Speech Therapy Ideas

articulation; speech therapy books;speech therapy tips; toddler,child,preschool, elementry,



           What A Book!       Just  What You Need To Help and Reinforce Speech Therapy if your child is struggling to pronounce their l, r, s or thThis one book gives you total access to stories, activities and most of what you should know about reading to your children.


Starting From The Back… Here Is What You Will Get:   

A full section on What You Should Know About Reading

    • Reading and Brain Development Research
    • Reading Levels are Not Improving
    • Summary of Dialogic Reading Method by Grover J. Whitehurst, Director of Institute of Education Science, US, Department of Education
    • The Neurological Impress Method, Helping Your Child ‘Catch Up.

And Now Starting From The Front…

Laurie The Ladybug: is a rhyming story about make believing and thinking to solve life’s problems.  It practices the ‘l’ sound at the beginning, in the middle and at the end of words.


Richard and Rosco is a delightful story about friendship and fun as Rosco, a rhinoceros, and Richard, a raven, chase after the end of the rainbow together.

Rumble Rumble Rippity Flap,

Oh my goodness what was that?


The Secret City of Snails:  A story practicing the ‘sssss’ sound.

ThThe Secret City of Snails is a story good for spelling as well as speech development.  Young readers can read this story and, because of the highlighting of the letters ‘s’ and ‘c’ that make ‘sssss’ sound and not ‘s’ when it sounds like ‘z’, retain a visual concept of the spelling of the words.  Non-readers will enjoy the sounds and the story as snails and boys and girls everywhere learn how to keep the world a happy place.  ---Just say: “Simmer Simmery Soda Pop” and you will feel better and maybe even see the Secret City!

Thing-a-ma-Jig and Thing-a-ma-Bob: is a story to practice awareness of the many words with the ‘th’ sound. Thing-a-ma-Jig and Thing-a-ma-Bob is a story about worry.  Thing-a-ma-Jig and Thing-a-ma-Bob are going to school on Thursday, but they cannot spell their names!  Oh what are they to do??!


Chatter Batter is the introductory book in a full series of picture books for articulation development.  Chatter Batter Books is dedicated to writing and publishing children's articulation storybooks to help parents and therapist find a fun way to supplement the drills of speech therapy.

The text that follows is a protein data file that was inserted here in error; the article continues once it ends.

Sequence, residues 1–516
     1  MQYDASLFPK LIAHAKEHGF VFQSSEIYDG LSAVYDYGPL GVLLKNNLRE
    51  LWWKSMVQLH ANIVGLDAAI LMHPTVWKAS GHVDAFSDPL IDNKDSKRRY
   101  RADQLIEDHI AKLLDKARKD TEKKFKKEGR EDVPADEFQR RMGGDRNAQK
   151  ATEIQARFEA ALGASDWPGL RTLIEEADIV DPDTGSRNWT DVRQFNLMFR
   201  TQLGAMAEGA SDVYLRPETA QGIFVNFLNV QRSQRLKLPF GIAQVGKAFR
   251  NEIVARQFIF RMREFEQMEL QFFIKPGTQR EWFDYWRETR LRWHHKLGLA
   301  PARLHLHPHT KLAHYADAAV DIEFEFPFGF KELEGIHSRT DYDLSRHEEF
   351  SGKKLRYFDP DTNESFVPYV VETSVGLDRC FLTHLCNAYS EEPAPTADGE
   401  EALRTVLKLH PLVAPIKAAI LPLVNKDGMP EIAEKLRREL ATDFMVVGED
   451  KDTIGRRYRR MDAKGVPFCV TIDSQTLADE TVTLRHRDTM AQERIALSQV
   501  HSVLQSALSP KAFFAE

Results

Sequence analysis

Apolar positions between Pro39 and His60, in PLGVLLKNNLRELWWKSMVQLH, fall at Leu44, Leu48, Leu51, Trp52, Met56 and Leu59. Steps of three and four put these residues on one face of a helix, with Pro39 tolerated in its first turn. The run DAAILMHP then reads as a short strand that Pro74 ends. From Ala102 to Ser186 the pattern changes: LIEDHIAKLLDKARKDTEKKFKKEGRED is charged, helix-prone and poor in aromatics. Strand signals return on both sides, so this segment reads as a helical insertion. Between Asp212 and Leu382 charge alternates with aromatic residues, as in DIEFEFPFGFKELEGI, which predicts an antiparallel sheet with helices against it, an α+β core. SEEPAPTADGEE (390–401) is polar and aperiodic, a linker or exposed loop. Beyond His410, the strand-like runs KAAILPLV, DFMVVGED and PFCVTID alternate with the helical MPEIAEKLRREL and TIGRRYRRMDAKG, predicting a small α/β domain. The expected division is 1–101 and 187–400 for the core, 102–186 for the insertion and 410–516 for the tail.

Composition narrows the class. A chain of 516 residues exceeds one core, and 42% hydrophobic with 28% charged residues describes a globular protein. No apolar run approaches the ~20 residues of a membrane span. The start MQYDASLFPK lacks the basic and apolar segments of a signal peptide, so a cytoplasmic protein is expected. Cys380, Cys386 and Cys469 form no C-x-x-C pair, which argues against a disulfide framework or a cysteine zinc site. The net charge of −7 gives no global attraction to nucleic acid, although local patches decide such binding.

Why a book for articulation?

First impressions are lasting impressions.  The way we speak is as important as the way we dress or the way we present ourselves. Children who still talk ‘baby talk’ when entering school often are teased, mocked, or shunned. 


Speech delays can hold a child back by making them shy, hesitant to participate, self-conscience, or even become bullies as they try to make up for the lack of acceptance by their peers. 

Good Articulation enhance sound recognition

  • …which enhances reading
  • …which enhances spelling
  • …which enhances comprehension
  • …which enhances education
  • …which enhances chances for success
  • …and enhances social acceptance.

Everyone wants to be liked.


When children are young, they are extremely sensitive to being different. So…help your child prevent embarrassing speech problems before they become a problem by instilling correct speech habits in the very beginning. 


‘l’, ‘r’, ‘s’, and ‘th’ are sounds that the human voice does not have the ability to create until long after the child has lost their interest in making sounds. 


By reading    Chatter Batter to your preschooler, you can implant in their brain library the correct pronunciation of the sound of ‘l’, ‘r’, ‘s’, and ‘th’, by emphasizing a clear sound for the child to model.  


As the child’s voice box catches up with his knowledge of language, he or she will be more likely to properly pronounce these sounds when this maturity happens and then the need for correcting bad habits are minimized. 


Infants and young toddlers are fascinated with sounds, and they love to make one sound over and over again. 


At this early age their interest is in mastering sounds and learning words to communicate, but the ability of the voice box to create some sounds, such as the l’, ‘r’, ‘s’, and ‘th’, simply does not develop until after the age of 6, 7, 8, or even 9. 

BUT above all, remember:  Reading Should Be Fun.